• Does anybody from our firehouse or the department need some help for themselves or a family member, such as a sick child, spouse, or parent, or maybe a family member passed? Is anybody passing a hat around to help out a brother or sister in need?
  • Is there anything else I need to know from the previous shift or shifts?


Next, take the information you just gathered and your notes from last shift, and sit down and take a look at it all. If your supervisor hasn’t called you or met with you yet, pick up the phone or meet with him to see what is planned for the coming shift:

  • Is there a drill for the day?
  • Are there any meetings you need to attend?
  • Are there any new policies that need to be reviewed with the shift?
  • Is anyone sick or injured?
  • Will you need to prepare for any overtime.
  • Is anything coming down the pipe from the administration members should know about?
  • Are there any other assignments?
  • Is there anything else you know about?

After this call or meeting, you can begin to finish things. You’ve met with the off-going company officer and the boss. Now it’s time to put it all together and add a few of your own touches, such as:

  • What are the riding assignments and any other assignments?
  • What’s the weather going to be like today?
  • Is everybody in the uniform of the day?
  • What time are we going to train?
  • Who’s the battalion chief for today, or (if I’m the battalion chief) who are the chiefs working next to me or near me? On this same note, who are the other company officers in my battalion or those who will be second- or third- due in my still district? Whom will I be working with at an incident? I need to think about their strengths and weaknesses if we catch some work.
  • Do we have any projects to start or complete?
  • Do any of the apparatus, equipment, or tools need maintenance or repairs?
  • Do we need to do any prefire plans?
  • Are any hydrant inspections needed? Hydrant maintenance?
  • Should we make any fire inspections in our Still (single company response) area?
  • What are we doing for lunch and dinner?
  • Are there any items from our “previous shift” list?
  • How about grabbing an SOP and doing a quick review? Nothing elaborate-maybe it’s the start of winter, and it’s time to go over your severe or cold weather operations SOP. Or grab one that pertains to the day’s drill or training topic.
  • Remind the troops to update their paperwork with the personnel department regarding insurance and other matters.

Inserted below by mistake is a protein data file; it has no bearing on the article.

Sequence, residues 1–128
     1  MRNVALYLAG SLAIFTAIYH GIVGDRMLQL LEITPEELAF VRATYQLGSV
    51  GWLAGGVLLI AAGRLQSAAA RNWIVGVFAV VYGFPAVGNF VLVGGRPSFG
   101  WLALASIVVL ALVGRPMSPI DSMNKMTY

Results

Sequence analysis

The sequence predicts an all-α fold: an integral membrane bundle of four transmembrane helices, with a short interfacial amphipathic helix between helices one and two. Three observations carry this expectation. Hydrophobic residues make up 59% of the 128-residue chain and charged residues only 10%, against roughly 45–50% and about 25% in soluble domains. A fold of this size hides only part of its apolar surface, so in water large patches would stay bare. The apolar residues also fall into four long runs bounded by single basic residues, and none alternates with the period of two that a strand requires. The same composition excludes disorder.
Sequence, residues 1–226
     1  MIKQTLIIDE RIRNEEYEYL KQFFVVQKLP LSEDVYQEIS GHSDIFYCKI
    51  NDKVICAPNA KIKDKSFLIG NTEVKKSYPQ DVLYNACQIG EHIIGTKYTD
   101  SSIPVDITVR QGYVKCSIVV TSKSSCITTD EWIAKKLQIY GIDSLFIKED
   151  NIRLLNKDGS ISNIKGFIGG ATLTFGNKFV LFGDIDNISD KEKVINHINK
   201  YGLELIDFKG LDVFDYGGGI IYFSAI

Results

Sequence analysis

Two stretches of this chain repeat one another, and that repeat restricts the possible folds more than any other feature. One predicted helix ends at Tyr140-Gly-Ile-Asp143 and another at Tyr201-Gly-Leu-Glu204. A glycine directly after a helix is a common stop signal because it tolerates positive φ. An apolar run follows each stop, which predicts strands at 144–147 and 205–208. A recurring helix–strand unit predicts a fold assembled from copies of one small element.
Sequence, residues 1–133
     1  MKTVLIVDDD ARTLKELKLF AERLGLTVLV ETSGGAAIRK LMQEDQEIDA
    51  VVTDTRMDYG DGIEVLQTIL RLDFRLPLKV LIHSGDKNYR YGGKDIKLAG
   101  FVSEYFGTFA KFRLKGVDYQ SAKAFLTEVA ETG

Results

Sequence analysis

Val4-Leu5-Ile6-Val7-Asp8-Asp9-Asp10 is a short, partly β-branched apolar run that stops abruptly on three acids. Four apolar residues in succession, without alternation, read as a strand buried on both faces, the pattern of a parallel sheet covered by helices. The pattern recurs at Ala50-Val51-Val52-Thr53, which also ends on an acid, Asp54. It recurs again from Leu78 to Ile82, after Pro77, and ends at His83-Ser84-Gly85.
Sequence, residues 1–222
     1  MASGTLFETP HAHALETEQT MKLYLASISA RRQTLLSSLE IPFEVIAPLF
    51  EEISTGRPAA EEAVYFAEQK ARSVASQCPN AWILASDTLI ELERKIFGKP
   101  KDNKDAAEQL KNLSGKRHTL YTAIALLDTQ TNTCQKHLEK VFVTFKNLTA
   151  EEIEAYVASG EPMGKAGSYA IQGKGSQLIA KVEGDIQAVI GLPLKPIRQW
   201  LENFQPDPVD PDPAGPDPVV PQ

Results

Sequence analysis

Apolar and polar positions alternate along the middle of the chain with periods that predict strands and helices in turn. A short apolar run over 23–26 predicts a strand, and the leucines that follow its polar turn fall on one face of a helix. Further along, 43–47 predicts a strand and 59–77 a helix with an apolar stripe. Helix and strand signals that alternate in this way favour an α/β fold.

Now, it’s time for the roll call. This needs to be accomplished as close to the start of the shift as possible. You may choose to cover some of the items right away so you can get the troops out on the floor doing their checks and other jobs and then get back together to finish it up a little later. Or, you may just go ahead and cover it all right now. It really shouldn’t take that long to accomplish.

Keep in mind that roll call shouldn’t be confused with a shift meeting, where you sit and discuss issues and topics for an extended amount of time. It may seem on paper to be a whole lot of information that will take forever to cover, but it’s extremely important if you want to get things going in a good, organized direction and keep them running smoothly for the rest of the shift. Again, you should be able to run through it pretty fast.

Another important note about a roll call: This is your chance to size up your firefighters. Is one of them coming off an injury or illness or feeling a little under the weather? Does one of your crew members seem a little “out of sorts” or preoccupied? Are members in uniform, and does it look good and presentable? What’s the mood like? What kind of “read” do you get?

Whether you do this as a formal process with a uniform inspection, at the back step of the engine, or at the kitchen table, it is the only true way to start off the shift on the right step. Even if you work for a combination department or as a volunteer, you can still use a lot of this information. You just have to adjust it to your process.

For a volunteer department, perhaps you could accomplish this at the beginning of your weekly meeting or training night. Either way, it works to pull it all together.

One further point: Don’t forget to write some of the highlights down on the blackboard so they can carry forward from shift to shift and be a little bit more noticeable.

If you’re new at doing a roll call or one of those that has been doing it for a while, maybe this has simply been a review, or maybe there is something here that you could use to enhance what you’re already doing. If you’re not doing roll calls but you used to do them, consider this a nudge in the direction of doing them again.

If you’ve never done a roll call, maybe it’s because no one has ever asked to do one with your shift, took the time to explain how to do one, or stressed the importance of starting the shift off with one. No matter what your situation, hopefully this article will serve as a guide to what is needed and how to put it together.

This is just a start: There is a whole lot more that can be covered. The bottom line is, it’s really up to you as to how much or how little you want to cover. If anything, it will help your shift run a lot more smoothly.

RICK LASKY, a 27-year veteran of the fire service, is chief of the Lewisville (TX) Fire Department. Lasky received the 1996 International Society of Fire Service Instructors “Innovator of the Year” award for his part in developing the “Saving Our Own” program. He served as the co-lead instructor for the H.O.T. Firefighter Survival program at FDIC for more than 10 years and is an editorial advisory board member of Fire Engineering. Lasky is the author of Pride and Ownership-A Firefighter’s Love of the Job (Fire Engineering, 2006).

Previous articleFE Volume 160 Issue 3
Next articleUSFA releases Web-based course on lightweight construction

No posts to display